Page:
Introducing the Balanced Marketing Strategy™
The term "marketing strategy" usually seems to imply complexity. But it can be very simple. At Envigna, we define a marketing strategy as merging your sales and revenue goals with a plan to use predetermined marketing tactics to work to achieve them. The plan needs to allow for experimentation and change because effective marketing is all about creativity and non-linear thinking. Being noticed and standing out in the sea of messages in the world requires being different.
What is a balanced marketing strategy?
It is not realistic to expect each part of a marketing effort be so novel that no one has ever seen anything like it before. Balance comes from making sure the basics are covered before putting too much effort into more risky techniques. Like sailors who all run to one side of the sailboat, we have seen too many companies chase fads and watch their boats list back and forth. A balanced approach prevents listing too far in any one direction. A balanced approach seeks to make each customer touchpoint into a strong support of the organizational brand — and it is achievable even on a small scale.
A good assessment of the state of customer touchpoints across all channels is the way to start. How do you answer the phone when customers call? What emails are sent by your internal systems? Where are your representatives and what are they doing and saying? If it isn't consistent, is it at least factual and compelling?
How to begin to achieve balance
While it would be great to think that hiring smart consultants will address all the challenges — we know it won't. Effective marketing strategy has good communication at its core. Good communication among the marketing teams. And perhaps even more importantly — good communication between the marketing team and your best customers. Understanding what makes your customers value your products and services is your fundamental building block. It is the reason your business exists. You will grow most quickly and most effectively by understanding these fundamentals, building upon them, and periodically checking to ensure broad alignment to them. The marketing mix you employ should always be measured back against these fundamental customer sentiments.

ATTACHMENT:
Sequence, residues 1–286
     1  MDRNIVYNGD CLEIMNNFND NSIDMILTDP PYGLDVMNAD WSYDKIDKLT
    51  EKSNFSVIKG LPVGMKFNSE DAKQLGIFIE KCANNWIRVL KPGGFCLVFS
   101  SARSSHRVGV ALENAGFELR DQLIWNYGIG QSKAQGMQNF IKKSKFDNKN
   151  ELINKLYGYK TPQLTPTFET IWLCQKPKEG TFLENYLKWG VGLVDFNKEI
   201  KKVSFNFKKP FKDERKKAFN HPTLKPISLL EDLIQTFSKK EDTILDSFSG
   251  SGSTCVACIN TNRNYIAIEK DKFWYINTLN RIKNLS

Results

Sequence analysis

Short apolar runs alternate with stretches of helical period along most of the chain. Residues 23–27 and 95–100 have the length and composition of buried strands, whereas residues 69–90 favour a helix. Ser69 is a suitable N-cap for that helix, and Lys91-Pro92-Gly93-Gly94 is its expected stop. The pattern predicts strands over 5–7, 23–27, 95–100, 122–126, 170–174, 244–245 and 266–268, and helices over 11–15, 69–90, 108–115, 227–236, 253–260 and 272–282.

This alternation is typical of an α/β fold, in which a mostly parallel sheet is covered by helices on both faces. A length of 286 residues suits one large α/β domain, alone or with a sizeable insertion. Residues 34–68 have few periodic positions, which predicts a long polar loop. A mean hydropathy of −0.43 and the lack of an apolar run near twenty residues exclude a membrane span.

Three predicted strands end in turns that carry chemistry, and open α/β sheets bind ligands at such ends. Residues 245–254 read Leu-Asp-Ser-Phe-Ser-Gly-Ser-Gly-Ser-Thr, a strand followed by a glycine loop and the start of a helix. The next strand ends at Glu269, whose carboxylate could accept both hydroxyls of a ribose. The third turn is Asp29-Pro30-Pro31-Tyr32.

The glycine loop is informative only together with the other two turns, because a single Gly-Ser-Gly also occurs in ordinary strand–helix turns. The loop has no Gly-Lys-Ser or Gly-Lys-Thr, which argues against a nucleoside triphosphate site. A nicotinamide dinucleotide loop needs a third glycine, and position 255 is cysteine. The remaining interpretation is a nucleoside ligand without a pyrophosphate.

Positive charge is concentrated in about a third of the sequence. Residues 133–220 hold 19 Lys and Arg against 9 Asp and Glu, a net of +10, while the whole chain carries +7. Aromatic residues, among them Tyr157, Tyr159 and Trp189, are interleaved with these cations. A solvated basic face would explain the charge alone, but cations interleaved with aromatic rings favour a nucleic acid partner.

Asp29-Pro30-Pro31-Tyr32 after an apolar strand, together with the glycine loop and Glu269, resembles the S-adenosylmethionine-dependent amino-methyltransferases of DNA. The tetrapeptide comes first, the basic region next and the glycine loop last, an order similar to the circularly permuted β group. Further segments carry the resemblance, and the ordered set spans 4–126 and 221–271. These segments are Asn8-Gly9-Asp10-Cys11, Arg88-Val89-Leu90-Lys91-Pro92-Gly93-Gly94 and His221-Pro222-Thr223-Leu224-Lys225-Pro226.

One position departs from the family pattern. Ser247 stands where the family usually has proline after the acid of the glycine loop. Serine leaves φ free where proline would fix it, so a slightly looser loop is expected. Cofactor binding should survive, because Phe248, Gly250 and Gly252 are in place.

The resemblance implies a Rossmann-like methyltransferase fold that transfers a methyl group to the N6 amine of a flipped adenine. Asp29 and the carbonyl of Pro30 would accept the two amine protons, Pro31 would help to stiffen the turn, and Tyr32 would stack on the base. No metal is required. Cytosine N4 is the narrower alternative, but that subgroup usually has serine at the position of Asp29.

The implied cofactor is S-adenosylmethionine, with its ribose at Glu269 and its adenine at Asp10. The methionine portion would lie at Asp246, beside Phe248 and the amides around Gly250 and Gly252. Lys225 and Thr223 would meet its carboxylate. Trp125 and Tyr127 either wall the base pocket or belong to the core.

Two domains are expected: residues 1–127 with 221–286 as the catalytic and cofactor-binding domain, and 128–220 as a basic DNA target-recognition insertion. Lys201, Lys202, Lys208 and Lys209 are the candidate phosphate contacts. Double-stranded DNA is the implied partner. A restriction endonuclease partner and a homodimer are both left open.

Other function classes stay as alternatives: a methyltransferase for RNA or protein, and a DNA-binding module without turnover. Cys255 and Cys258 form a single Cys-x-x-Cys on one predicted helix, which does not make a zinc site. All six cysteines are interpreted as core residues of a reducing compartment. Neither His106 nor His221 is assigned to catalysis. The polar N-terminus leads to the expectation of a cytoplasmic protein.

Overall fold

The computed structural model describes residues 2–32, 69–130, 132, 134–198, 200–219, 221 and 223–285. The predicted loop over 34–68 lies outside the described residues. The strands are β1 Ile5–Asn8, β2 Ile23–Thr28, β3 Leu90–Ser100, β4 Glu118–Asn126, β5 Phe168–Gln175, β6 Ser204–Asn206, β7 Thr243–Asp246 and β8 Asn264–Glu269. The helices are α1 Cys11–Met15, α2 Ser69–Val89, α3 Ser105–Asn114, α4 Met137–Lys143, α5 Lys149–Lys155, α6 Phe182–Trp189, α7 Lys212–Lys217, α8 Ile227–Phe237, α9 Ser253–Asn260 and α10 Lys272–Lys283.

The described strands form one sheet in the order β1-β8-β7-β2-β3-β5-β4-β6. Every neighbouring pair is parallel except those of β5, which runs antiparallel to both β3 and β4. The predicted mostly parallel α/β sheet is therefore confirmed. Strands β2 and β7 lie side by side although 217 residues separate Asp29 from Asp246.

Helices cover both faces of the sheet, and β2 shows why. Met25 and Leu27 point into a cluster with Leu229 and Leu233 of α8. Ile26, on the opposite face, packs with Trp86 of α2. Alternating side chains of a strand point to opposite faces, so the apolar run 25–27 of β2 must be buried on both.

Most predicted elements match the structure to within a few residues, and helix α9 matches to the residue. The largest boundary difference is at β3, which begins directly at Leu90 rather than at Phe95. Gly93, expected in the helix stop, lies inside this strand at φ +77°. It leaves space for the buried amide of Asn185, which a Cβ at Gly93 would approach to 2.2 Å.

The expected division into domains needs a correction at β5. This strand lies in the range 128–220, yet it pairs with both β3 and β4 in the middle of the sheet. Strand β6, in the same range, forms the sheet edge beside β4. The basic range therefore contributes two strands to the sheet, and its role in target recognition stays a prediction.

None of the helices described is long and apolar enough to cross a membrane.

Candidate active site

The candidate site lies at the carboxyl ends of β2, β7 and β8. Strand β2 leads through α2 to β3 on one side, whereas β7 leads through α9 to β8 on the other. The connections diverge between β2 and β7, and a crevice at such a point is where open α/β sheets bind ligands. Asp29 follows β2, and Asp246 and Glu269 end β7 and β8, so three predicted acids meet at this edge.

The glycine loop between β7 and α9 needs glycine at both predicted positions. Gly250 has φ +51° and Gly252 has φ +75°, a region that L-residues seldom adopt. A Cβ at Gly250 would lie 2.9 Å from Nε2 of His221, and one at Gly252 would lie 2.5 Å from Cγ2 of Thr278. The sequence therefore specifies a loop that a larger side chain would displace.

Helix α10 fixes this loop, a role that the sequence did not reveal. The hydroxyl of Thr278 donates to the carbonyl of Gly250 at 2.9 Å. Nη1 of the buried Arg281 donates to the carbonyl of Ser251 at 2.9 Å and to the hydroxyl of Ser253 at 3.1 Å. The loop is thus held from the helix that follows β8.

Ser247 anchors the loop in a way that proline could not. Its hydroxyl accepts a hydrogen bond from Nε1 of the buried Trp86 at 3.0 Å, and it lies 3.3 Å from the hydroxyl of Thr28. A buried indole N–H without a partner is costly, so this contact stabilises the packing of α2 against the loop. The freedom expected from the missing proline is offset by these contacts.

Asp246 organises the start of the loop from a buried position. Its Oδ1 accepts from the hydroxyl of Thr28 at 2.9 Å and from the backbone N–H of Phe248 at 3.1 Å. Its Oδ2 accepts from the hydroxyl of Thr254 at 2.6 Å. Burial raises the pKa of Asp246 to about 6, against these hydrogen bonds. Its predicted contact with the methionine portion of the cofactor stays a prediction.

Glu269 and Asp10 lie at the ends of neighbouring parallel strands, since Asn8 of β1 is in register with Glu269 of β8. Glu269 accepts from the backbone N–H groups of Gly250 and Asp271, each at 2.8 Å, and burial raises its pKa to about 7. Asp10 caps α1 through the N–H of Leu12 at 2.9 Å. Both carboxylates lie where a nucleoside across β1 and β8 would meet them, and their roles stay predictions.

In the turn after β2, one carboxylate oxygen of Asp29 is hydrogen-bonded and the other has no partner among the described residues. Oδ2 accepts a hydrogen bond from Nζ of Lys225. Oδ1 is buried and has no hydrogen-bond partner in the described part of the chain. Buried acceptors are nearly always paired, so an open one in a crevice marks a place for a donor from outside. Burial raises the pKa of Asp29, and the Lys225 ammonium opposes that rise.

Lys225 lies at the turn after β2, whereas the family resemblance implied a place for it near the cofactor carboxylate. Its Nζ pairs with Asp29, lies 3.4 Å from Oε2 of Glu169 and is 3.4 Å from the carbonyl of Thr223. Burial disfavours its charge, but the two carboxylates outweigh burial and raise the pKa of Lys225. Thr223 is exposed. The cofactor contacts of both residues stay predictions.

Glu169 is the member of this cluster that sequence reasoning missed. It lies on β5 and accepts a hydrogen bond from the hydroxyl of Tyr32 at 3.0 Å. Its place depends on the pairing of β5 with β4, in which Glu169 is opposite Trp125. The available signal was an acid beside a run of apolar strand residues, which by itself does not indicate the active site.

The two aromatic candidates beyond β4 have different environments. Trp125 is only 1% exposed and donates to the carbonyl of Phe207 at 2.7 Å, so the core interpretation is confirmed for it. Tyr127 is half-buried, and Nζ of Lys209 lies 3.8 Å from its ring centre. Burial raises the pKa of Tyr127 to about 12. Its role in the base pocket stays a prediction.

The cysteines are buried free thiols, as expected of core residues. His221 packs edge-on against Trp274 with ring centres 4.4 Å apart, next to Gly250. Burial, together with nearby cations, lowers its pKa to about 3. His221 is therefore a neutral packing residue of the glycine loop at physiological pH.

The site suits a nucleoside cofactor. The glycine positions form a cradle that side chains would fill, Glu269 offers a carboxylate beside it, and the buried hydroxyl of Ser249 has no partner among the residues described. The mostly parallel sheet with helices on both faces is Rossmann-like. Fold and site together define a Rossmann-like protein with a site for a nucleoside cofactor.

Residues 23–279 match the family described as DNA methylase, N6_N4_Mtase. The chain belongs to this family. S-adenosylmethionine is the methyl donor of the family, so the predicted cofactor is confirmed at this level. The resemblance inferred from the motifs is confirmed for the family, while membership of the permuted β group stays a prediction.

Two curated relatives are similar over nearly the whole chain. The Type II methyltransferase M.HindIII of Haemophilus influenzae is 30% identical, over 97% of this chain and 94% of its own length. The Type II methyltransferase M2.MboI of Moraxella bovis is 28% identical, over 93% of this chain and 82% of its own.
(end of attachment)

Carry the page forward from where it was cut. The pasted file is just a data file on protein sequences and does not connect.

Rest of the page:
If you have not created a business plan for your company/group/division/product/startup in the past few years - or ever - we highly encourage you to start there. The basic framework of a business plan will force you to ask the basic questions and codify what you know, and don't know, in a very productive way. Most business require leaders to prepare plans and present them annually. Marketing is typically a major expense in most organizations - often 30% or more of revenue. As a leader, you must be able to justify that this money is being used in a way that provides both a strong outreach foundation - and some innovative experiments in futurethink and learning.
As a consultant, Envigna is always happy to help craft and refine the business plan, but we are most often brought in to execute specific portions of the marketing mix. It is still somewhat rare for clients to present us with a strong plan that shows where our portion fits and what it needs to achieve to "pull its weight". But it has happened enough times and produced such stellar results, that we would be remiss to not suggest it to all of our clients. With a clear path, everyone moves more quickly and with less friction. Friction is too expensive. Clear the way with us and travel lighter, faster, further. We look forward to hearing from you.
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